It is not too soon to call the end of the business process known as CRM as we have known it. It is the “Management” word that kills it. When Sun Tzu writes The Art of War somewhere in sixth-century China, he outlines the need for discipline around defining the challenge, creating a plan of attack, engaging the enemy force in decisive terms. Whether you follow Tzu or General Patton or Frederick Taylor, we still boil management down to strategies and policies, actions, analysis, and recursive steps to improve our mission, our vision, and our goals.
Enter “Social Networking” and Social Media and Social CRM, on the heals of business philosophers declaring the failure of Customer Relationship Management efforts. The latter was weak analysis of business application deployments that failed to meet the promises dangled by the large consultancies that made billions of dollars selling the projects. Now businesses are dancing to the Trance music of Social. The rhythm is enticing, but there are just too many beats per minute for most business leaders: monitor, listen, poll, feeds, Tweets, posts, mobile platforms, Tablets, forums, crowd sourcing, voting, outside-in processes. Businesses are attempting to onboard all of these new Social Media tools and processes, and keep your ongoing customer efforts for marketing, sales and customer service, while moving all of the business applications supporting the existing customer initiatives to the Cloud.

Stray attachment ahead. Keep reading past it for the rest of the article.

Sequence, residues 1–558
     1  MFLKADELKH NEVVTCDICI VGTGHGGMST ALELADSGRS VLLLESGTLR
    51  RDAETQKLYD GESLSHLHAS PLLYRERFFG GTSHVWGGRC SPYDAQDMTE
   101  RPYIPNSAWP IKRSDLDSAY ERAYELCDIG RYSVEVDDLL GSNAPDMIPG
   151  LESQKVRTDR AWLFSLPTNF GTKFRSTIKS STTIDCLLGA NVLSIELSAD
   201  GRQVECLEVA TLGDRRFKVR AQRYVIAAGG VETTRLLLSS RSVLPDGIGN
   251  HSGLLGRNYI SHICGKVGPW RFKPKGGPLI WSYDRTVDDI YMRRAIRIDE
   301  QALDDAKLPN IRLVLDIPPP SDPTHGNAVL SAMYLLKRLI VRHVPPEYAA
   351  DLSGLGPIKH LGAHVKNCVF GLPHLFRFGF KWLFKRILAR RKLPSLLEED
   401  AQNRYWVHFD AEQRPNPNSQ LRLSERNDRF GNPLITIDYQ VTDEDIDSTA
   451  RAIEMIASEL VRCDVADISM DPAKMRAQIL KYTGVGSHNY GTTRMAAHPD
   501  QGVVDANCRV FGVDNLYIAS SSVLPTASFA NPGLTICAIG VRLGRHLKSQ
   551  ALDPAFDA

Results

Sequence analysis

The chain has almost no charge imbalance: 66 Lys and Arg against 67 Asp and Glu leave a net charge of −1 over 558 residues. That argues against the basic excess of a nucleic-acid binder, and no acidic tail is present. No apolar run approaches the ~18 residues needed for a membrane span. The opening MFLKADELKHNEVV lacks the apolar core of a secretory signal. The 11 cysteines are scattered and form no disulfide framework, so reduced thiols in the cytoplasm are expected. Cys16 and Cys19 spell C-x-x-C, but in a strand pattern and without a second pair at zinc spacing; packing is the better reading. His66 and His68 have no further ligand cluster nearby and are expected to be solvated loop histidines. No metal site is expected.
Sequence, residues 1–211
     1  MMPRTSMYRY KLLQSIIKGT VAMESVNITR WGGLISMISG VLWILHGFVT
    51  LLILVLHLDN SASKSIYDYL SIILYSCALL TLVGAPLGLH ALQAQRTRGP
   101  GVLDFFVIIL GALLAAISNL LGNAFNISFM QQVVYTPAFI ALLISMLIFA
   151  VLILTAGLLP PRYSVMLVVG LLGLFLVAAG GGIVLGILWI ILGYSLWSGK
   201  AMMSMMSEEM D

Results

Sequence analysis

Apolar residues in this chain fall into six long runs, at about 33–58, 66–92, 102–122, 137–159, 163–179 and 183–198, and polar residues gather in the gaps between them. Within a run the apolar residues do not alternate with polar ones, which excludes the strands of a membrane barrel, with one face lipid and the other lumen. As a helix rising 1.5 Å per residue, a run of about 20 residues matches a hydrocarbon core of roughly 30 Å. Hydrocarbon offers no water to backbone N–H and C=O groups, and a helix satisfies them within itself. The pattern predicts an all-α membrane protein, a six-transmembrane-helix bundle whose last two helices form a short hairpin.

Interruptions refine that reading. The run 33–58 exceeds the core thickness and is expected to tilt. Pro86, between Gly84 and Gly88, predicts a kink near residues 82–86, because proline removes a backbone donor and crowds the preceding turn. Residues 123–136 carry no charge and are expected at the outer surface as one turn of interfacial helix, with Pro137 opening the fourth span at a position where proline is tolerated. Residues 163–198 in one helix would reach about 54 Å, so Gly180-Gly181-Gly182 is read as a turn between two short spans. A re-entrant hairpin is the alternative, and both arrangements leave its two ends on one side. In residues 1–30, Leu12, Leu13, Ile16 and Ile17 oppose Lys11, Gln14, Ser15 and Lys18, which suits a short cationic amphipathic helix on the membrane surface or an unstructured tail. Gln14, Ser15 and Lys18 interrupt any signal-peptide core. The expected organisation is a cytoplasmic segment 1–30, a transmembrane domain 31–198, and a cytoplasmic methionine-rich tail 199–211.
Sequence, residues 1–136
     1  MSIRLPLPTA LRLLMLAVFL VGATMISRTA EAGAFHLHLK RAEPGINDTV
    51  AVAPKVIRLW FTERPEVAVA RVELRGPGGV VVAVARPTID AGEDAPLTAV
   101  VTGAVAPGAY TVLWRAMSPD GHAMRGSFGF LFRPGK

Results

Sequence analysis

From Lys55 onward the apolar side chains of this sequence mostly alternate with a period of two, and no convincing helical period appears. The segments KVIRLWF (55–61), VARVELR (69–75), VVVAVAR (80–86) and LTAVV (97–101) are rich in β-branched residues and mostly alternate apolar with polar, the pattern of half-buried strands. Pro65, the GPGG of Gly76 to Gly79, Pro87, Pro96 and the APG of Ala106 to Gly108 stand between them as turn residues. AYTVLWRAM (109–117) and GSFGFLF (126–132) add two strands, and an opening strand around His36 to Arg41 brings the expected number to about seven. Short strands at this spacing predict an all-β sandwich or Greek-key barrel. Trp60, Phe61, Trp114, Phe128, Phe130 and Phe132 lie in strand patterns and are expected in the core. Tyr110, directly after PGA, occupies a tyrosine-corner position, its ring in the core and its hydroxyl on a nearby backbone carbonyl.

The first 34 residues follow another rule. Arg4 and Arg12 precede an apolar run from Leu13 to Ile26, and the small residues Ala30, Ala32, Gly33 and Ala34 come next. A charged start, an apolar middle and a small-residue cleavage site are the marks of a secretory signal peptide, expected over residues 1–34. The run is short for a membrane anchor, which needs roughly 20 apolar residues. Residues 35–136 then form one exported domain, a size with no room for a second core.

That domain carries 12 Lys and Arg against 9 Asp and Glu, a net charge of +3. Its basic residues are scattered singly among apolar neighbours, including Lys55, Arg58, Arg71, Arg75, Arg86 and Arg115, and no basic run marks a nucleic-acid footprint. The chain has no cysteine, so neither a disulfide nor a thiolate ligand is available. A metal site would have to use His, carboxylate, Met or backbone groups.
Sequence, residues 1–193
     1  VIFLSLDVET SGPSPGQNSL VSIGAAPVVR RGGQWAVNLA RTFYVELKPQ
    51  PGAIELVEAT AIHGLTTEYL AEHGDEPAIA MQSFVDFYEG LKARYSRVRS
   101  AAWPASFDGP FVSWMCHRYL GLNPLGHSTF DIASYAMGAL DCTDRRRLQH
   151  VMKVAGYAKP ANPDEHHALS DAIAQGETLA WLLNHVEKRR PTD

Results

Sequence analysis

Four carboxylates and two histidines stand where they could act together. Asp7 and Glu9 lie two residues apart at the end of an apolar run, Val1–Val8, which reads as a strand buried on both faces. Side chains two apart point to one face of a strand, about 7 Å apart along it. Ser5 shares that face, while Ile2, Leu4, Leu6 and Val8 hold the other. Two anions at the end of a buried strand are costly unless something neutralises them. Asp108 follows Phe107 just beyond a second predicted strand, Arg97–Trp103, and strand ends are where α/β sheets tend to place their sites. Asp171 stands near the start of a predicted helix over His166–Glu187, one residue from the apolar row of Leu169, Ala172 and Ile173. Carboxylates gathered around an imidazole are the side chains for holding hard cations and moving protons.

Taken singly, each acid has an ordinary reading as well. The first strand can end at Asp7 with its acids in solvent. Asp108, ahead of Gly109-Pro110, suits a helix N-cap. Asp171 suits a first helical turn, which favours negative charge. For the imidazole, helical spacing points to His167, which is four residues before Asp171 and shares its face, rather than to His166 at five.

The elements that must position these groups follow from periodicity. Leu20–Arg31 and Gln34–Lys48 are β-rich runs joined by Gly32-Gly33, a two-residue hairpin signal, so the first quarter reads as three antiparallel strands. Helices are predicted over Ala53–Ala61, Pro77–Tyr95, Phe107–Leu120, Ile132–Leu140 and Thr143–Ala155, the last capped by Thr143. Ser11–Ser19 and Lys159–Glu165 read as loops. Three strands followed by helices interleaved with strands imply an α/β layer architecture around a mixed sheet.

This is why I see an end, temporarily, to the CRM that was in place for 12 years. Organizations have come to the tacit (not stated, not explicit) conclusion that they cannot accomplish the goal of managing the customer relationship centrally. The resources cannot be rallied because there are too many parallel initiatives under way, and decision making has devolved on departments and geographies to meet the onslaught.
The end of CRM classic does not mean the beginning of another clear trend. It is more likely that organizations will re-focus on an expanded definition of CRM that includes the Social dimension. The need for the corporation or business or organization to think holistically about the customer will not go away. The current fascination with myriad departmental initiatives to meet changing customer demand at the expense of ownership at the top level comes at a cost. Without a roadmap you won’t get there unless you are lucky. And ‘there’ is a state of customer satisfaction with your business.
Are you seeing something similar? I’ll expand on some of these points next month, but it has been coming up with IT planners on client calls and meetings.
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